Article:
Flashback to fall 2002: Bob Teague, Powerboat magazine’s lead test driver, can barely contain himself. He has just piloted the new Donzi Marine 38 ZRC with Mercury Racing HP500 engines through a photo shoot, followed by an hour of testing, on Southwest Florida’s Sarasota Bay.
“It’s perfect,” he said, then paused to reconsider and rephrase. “No. It’s bitchin’.”
As anyone who’s ever shared the cockpit with Teague can attest, that is his highest compliment.
Powered by staggered Mercury Racing 860 engines, the Donzi 38 ZRC returns in fine fashion (click image to enlarge). Photos courtesy/copyright Donzi Marine/Iconic Marine Group.
Flash forward to last Tuesday in Washington, N.C. Accomplished offshore racer Billy Moore, who works for Donzi and Fountain, speedonthewater.com co-publisher Jason Johnson and I have just returned from testing the new 38 ZRC—the first to be built in more than 10 years—powered by staggered Mercury Racing 860 engines on the Pamlico River.
“OK, that was a blast,” Johnson said.
I agreed. “Especially when you sit in the center bench seat,” I said, then laughed.
Though the blast I jokingly referred to was related to my predictably breezy seat, the overall experience was just as I recalled it when running the first 38-footer with Teague some 17 years ago. Back then, the 38 ZRC provided my first sit-down V-bottom experience. I expected the boat to deliver a beating. But it didn’t. It was a revelation.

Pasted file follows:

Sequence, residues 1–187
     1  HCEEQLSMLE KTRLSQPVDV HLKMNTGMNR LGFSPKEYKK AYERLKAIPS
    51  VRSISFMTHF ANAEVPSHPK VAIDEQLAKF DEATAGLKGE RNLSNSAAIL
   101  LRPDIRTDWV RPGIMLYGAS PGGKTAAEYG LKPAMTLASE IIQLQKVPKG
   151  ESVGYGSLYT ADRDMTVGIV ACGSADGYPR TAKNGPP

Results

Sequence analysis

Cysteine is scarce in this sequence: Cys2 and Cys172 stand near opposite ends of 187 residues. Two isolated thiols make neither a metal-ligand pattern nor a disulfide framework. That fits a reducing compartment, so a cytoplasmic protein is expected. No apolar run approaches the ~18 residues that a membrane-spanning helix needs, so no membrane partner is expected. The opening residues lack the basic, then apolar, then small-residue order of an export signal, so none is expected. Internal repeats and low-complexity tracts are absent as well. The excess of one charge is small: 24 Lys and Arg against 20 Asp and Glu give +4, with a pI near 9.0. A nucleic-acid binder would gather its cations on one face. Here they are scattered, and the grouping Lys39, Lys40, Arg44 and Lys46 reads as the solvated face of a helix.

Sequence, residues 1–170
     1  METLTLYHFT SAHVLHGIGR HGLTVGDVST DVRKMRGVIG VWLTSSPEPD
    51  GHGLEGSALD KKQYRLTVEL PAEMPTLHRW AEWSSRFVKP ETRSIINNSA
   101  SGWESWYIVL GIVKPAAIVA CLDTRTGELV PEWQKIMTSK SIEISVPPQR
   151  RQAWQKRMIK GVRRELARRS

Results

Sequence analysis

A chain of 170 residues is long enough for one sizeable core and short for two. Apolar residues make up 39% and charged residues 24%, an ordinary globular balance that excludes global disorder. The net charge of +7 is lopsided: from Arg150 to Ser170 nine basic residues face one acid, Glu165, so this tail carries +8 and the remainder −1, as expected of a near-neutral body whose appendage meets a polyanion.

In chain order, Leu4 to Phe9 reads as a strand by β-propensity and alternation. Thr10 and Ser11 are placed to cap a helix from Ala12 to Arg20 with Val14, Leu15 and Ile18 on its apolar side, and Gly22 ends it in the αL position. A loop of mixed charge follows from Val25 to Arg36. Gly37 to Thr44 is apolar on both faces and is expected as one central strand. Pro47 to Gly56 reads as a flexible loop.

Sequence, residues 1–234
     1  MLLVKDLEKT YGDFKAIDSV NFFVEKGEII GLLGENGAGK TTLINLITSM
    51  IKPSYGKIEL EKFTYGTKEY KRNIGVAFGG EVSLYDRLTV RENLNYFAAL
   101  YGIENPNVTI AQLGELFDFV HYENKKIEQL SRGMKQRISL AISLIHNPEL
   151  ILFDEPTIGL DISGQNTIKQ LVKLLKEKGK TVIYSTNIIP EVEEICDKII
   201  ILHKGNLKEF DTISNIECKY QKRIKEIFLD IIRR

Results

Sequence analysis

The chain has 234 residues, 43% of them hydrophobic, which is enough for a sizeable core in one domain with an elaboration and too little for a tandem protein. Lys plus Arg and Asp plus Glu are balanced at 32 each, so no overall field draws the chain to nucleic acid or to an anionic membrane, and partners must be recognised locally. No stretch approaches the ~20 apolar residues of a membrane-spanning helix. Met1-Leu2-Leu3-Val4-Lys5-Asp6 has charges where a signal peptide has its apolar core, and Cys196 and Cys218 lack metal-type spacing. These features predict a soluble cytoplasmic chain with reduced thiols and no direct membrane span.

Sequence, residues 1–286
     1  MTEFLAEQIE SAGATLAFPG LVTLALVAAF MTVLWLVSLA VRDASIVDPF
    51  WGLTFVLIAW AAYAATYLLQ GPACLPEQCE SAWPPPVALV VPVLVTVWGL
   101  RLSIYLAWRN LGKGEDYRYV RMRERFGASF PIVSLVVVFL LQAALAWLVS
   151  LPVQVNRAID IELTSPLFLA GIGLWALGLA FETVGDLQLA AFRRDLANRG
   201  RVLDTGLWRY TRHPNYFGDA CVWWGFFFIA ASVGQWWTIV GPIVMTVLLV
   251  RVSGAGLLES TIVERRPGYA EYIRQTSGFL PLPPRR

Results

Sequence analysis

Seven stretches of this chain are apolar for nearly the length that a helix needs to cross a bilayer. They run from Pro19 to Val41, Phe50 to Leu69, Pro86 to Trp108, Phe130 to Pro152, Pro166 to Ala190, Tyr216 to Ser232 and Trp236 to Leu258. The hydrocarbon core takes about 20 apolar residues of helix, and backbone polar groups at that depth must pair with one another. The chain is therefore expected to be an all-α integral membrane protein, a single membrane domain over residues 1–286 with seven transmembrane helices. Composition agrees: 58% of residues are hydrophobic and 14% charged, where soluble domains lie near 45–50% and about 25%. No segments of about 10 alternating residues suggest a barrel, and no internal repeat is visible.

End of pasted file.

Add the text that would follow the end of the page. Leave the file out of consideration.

But that was then, back to now.
Though we saw 119 mph on the boat’s GPS recall, we ran the 38-footer to 113 mph as we were losing daylight by the time we got to that portion of our tests. But there was plenty of throttle left and we have no trouble believing the naturally aspirated, quad cam four valve engines can power the boat to 120 mph.
But here’s the thing: Because you sit somewhat low to water in the cockpit, the 38 ZRC feels faster than it is. The sensation isn’t alarming in any way, especially given the boat’s uncanny stability, but it is pronounced. If you’re sitting in one of three wraparound rear bench bucket seats, the roar of the onrushing wind and engines make it even more so.
Check out the slideshow above to enjoy more images of the Donzi 38 ZRC.
Likewise thanks to its low-to-the-water profile, the sensation of swooping and carving through turns is significant in the 38 ZRC. Cliché that it is, the term “on rails” best describes its handling characteristics.
Aesthetically speaking, the 38 ZRC’s hull and deck lines have not changed since the boat was introduced. And in my view, that’s a good thing. I’m all for contemporary styling and updates when needed. I like new stuff. But the 38 ZRC is timeless. (I’d use the word “classic” Donzi has already applied that one to another offering.) Significant changes to its hull and deck lines would be tragic.
Last week in North Carolina, the new 38 ZRC was a bit of time machine. The burgundy-hued stunner with a plush and elegant tan interior took me back to the introduction of a model that heralded the new era of sit-down V-bottoms.
But forget nostalgia. Than was then. The 38 ZRC is a compelling ride right now.
Editor’s note: Look for a comprehensive review of the Donzi 38 ZRC in the November/December 2019 Speed On The Water digital magazine.